2021

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A practical perspective on connective generation
Frances Yung | Merel Scholman | Vera Demberg
Proceedings of the 2nd Workshop on Computational Approaches to Discourse

In data-driven natural language generation, we typically know what relation should be expressed and need to select a connective to lexicalize it. In the current contribution, we analyse whether a sophisticated connective generation module is necessary to select a connective, or whether this can be solved with simple methods (such as random choice between connectives that are known to express a given relation, or usage of a generic language model). Comparing these methods to the distributions of connective choices from a human connective insertion task, we find mixed results: for some relations, it is acceptable to lexicalize them using any of the connectives that mark this relation. However, for other relations (temporals, concessives) either a more detailed relation distinction needs to be introduced, or a more sophisticated connective choice module would be necessary.

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Comparison of methods for explicit discourse connective identification across various domains
Merel Scholman | Tianai Dong | Frances Yung | Vera Demberg
Proceedings of the 2nd Workshop on Computational Approaches to Discourse

Existing parse methods use varying approaches to identify explicit discourse connectives, but their performance has not been consistently evaluated in comparison to each other, nor have they been evaluated consistently on text other than newspaper articles. We here assess the performance on explicit connective identification of three parse methods (PDTB e2e, Lin et al., 2014; the winner of CONLL2015, Wang et al., 2015; and DisSent, Nie et al., 2019), along with a simple heuristic. We also examine how well these systems generalize to different datasets, namely written newspaper text (PDTB), written scientific text (BioDRB), prepared spoken text (TED-MDB) and spontaneous spoken text (Disco-SPICE). The results show that the e2e parser outperforms the other parse methods in all datasets. However, performance drops significantly from the PDTB to all other datasets. We provide a more fine-grained analysis of domain differences and connectives that prove difficult to parse, in order to highlight the areas where gains can be made.

2019

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Acquiring Annotated Data with Cross-lingual Explicitation for Implicit Discourse Relation Classification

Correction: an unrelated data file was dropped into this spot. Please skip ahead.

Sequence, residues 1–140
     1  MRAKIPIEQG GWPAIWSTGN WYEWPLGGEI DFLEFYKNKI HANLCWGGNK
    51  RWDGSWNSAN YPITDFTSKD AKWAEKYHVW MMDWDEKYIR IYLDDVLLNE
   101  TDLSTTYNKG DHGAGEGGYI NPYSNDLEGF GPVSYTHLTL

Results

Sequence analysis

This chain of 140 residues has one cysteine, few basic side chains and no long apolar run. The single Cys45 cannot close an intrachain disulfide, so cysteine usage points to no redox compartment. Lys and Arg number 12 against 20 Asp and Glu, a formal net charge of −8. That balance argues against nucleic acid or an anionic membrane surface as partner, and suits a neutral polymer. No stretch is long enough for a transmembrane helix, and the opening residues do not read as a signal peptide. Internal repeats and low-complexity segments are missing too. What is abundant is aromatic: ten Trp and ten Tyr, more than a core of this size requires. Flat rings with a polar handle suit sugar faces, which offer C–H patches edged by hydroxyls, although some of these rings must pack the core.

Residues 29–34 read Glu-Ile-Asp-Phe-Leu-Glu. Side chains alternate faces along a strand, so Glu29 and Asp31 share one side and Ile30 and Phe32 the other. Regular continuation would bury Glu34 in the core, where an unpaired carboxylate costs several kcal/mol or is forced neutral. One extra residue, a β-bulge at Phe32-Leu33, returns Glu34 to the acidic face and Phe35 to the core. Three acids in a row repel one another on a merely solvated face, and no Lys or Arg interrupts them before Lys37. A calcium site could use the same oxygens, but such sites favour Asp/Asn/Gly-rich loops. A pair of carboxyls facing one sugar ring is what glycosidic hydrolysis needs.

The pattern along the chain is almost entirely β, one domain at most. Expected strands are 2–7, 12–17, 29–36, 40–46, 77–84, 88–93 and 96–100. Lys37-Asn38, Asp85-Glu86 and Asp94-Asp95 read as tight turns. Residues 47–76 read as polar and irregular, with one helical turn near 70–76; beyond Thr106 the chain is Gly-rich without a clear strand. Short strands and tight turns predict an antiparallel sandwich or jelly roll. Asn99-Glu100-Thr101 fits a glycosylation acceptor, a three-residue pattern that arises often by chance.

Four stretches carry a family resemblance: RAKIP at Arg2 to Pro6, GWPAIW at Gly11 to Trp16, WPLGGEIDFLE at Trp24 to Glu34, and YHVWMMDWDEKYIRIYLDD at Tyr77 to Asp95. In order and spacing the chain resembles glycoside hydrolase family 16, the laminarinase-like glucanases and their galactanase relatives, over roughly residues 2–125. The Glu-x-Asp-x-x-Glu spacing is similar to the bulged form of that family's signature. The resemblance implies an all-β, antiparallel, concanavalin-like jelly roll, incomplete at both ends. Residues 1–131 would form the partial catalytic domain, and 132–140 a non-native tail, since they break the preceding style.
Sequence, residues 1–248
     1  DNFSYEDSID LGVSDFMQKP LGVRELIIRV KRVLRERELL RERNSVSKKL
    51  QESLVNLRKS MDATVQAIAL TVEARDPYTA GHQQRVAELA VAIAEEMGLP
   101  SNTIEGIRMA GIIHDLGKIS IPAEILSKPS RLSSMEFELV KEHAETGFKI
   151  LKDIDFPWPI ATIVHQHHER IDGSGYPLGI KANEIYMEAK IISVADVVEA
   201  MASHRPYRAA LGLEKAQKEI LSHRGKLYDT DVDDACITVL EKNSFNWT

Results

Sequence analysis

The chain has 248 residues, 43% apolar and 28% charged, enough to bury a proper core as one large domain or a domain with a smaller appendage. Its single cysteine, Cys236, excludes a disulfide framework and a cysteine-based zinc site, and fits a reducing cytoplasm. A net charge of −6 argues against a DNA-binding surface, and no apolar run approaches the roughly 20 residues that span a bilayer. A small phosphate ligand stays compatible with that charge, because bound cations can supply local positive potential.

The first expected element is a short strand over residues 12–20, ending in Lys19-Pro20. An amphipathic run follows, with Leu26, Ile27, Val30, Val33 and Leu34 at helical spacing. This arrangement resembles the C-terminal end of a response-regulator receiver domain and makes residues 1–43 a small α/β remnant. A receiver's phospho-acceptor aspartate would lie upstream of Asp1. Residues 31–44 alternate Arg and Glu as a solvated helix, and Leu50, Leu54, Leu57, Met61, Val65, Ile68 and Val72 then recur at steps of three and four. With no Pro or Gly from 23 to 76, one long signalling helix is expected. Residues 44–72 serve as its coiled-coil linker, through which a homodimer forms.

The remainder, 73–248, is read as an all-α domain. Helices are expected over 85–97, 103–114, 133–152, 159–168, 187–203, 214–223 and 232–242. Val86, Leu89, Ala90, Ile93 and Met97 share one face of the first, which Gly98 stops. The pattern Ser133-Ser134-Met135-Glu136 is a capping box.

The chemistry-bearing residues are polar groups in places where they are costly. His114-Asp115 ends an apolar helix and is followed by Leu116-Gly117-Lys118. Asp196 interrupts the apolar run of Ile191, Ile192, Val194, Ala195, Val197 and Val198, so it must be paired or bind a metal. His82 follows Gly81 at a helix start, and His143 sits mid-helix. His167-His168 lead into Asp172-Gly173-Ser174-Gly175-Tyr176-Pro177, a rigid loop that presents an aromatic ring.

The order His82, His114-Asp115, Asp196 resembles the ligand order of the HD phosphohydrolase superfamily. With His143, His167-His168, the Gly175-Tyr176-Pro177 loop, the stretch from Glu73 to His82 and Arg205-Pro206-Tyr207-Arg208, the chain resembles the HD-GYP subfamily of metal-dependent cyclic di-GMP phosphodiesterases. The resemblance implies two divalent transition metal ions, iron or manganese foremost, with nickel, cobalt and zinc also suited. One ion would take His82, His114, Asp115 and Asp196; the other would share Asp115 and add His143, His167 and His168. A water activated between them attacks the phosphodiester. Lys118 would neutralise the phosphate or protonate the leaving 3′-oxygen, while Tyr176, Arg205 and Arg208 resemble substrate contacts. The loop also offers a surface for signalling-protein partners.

Wei Shi | Frances Yung | Vera Demberg
Proceedings of the Workshop on Discourse Relation Parsing and Treebanking 2019

Implicit discourse relation classification is one of the most challenging and important tasks in discourse parsing, due to the lack of connectives as strong linguistic cues. A principle bottleneck to further improvement is the shortage of training data (ca. 18k instances in the Penn Discourse Treebank (PDTB)). Shi et al. (2017) proposed to acquire additional data by exploiting connectives in translation: human translators mark discourse relations which are implicit in the source language explicitly in the translation. Using back-translations of such explicitated connectives improves discourse relation parsing performance. This paper addresses the open question of whether the choice of the translation language matters, and whether multiple translations into different languages can be effectively used to improve the quality of the additional data.

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Crowdsourcing Discourse Relation Annotations by a Two-Step Connective Insertion Task
Frances Yung | Vera Demberg | Merel Scholman
Proceedings of the 13th Linguistic Annotation Workshop

The perspective of being able to crowd-source coherence relations bears the promise of acquiring annotations for new texts quickly, which could then increase the size and variety of discourse-annotated corpora. It would also open the avenue to answering new research questions: Collecting annotations from a larger number of individuals per instance would allow to investigate the distribution of inferred relations, and to study individual differences in coherence relation interpretation. However, annotating coherence relations with untrained workers is not trivial. We here propose a novel two-step annotation procedure, which extends an earlier method by Scholman and Demberg (2017a). In our approach, coherence relation labels are inferred from connectives that workers insert into the text. We show that the proposed method leads to replicable coherence annotations, and analyse the agreement between the obtained relation labels and annotations from PDTB and RSTDT on the same texts.

2018

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Do Speakers Produce Discourse Connectives Rationally?
Frances Yung | Vera Demberg
Proceedings of the Eight Workshop on Cognitive Aspects of Computational Language Learning and Processing